Friday, September 05, 2008

A Fine Book On Sunniside Reviewed

Sunniside Days : My Maternal Grandparents (Click Photo To Enlarge)
Sunniside is a former coal mining community situated in County Durham. At its peak it had a population of over 1,500. Its main pit was sunk between 1866 and 1868, but numbers of the miners who settled in the village also found work at neighbouring pits in the Crook and Tow Law area.

When the pit was closed in 1925 (with much of the surrounding coalfield also being worked out), many local miners and their families moved to larger and deeper mines near the Durham coast. The pit was, however, re-opened for a period between 1937 and 1965 with coal extraction taking place beneath the local school.

Today Sunniside has no shops and few services and a population of under 500, but it remains a closely knit and friendly community.

I have culled this information from a fine book which is entitled "A History of a Village : Sunniside" edited by Julie Ward. It is published by the Sunniside Community Association at £7.50p (ISBN 978 0 9555487 0 3). Copies covering postage, package and handling can be obtained for £11 via Julie Ward, 43/44 Gladstone Terrace, Sunniside, Bishop Auckland, Co Durham DL13 4LS with cheques made out to the "Sunniside Community Association".

My interest in the book arises from the fact that my mother's parents settled in Sunniside following their marriage in 1898. My Grandfather, John Gray died in 1920 and my Grandmother Lizzy (Elizabeth) joined the exodus to the Durham coastal coalfield area in 1929. She moved the home to Easington Colliery as my two Uncles had found work at its pit.

I have only ever visited Sunniside once. I was a young boy and it was shortly after the end of the second world war. My Uncle Joe was one of the few miners in the area who owned a car at the time and he lived and worked at Easington's neighbouring Colliery of Horden. When he turned up to give my mother and myself a lift to Sunnside, my Aunt Alice and Cousin Robert were with him. My mother Betty was Alice's sister. They were both born in Sunniside.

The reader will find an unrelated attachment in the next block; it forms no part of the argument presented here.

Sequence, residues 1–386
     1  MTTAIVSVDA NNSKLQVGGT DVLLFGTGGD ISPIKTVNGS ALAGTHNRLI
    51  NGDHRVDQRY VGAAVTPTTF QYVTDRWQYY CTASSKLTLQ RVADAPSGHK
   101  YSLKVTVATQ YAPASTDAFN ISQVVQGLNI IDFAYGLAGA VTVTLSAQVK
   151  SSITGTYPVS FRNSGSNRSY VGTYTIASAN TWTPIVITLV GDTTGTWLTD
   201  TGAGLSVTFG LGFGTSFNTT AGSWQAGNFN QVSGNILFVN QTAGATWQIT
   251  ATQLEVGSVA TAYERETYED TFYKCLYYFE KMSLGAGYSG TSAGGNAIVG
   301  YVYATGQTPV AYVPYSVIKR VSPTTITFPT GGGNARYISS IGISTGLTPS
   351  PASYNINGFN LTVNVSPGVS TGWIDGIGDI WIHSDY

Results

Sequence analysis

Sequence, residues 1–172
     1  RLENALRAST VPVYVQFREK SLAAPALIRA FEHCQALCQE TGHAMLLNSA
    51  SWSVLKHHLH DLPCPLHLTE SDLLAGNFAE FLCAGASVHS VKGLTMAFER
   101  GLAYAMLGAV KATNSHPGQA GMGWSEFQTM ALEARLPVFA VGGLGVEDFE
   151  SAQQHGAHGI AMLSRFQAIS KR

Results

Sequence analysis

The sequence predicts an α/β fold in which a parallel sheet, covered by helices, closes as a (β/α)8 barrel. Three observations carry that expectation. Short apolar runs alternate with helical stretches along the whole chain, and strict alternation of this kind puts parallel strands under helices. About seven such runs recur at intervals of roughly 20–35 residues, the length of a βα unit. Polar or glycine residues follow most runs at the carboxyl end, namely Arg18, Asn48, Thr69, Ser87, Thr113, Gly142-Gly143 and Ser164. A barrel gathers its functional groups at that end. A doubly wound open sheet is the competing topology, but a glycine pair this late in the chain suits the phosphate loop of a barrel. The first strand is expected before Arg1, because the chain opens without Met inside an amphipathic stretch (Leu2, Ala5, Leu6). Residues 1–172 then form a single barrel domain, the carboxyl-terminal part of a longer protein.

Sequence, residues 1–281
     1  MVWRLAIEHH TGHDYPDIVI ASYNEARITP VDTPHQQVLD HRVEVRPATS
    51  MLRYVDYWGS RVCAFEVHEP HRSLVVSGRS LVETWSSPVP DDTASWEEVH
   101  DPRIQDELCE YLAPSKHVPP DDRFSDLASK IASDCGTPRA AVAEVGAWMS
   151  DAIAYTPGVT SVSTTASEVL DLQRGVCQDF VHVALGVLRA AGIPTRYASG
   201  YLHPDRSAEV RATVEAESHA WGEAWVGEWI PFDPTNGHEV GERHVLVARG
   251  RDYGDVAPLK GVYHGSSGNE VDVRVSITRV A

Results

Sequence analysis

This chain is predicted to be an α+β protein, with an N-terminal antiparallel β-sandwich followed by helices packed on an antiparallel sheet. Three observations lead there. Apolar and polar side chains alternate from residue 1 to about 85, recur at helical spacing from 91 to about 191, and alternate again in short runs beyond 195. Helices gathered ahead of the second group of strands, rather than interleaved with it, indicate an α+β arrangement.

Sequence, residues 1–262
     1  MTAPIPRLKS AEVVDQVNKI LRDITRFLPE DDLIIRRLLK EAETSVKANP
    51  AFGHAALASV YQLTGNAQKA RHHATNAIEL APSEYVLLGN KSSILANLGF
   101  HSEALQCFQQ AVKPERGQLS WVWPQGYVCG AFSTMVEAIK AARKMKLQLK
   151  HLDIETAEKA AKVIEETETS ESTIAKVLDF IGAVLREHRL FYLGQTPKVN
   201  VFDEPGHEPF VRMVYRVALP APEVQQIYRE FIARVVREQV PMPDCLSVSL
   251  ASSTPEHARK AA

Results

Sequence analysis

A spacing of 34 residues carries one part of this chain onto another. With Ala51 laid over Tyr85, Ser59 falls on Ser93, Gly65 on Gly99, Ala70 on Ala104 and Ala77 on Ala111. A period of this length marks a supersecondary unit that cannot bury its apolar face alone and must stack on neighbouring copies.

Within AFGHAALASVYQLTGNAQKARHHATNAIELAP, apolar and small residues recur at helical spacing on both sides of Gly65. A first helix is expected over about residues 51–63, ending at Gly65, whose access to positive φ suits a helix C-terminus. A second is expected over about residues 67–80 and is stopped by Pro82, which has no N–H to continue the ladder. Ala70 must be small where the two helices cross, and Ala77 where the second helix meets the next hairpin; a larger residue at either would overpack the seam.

When my Grandfather died he was 46, leaving my 43 year-old Grandmother with six surviving children. Three of these were still at school - Robert (12), Betty (11) and Alice (10). The only finances available came from the wages of Bill (18) who worked at the pit and whatever was available from Annie (20) and Bella (15). But the girls worked as domestic servants probably in Whitby (this is a correction added 6 September) and Oldham and would receive little in wages beyond their accommodation and meals.

The harshness of the conditions at that time is shown in the book. Julie points out that annual "epidemics of measles, mumps, diphtheria, scarlet fever, chickenpox and influenza were common well into the 20th century" (page 11).

In addition to general poverty, there were two particular factors which would aid the spread of disease.

First, there was the use of middens as toilet facilities. To use a midden residents had at the minimum to cross a road. As areas of houses were built back to back, those living on the far sides from the middens had to embarked upon a walk round the end of their street. The only way in which the contents of the midden was controlled was by adding the ashes deposited by the coal fires. The middens were emptied by "midden men" with the contents being shovelled out onto a horse-drawn cart and transported to the "shit tip" (Page 37). The only time in my life I have used a midden was on my trip to Sunniside. It is my main memory of the visit.

A second hazard is that the winters in Sunniside were the complete opposite of what its name indicates. My mother told me of how they were cut off from the outside world in winter snow drifts. These occurred because Sunniside is the highest village in County Durham and is situated on a ridge. The stories my mother told are fully confirmed between pages 58 and 61 of the book in a section researched from the school log book and the Northern Echo. These are illustrated with dramatic photographs.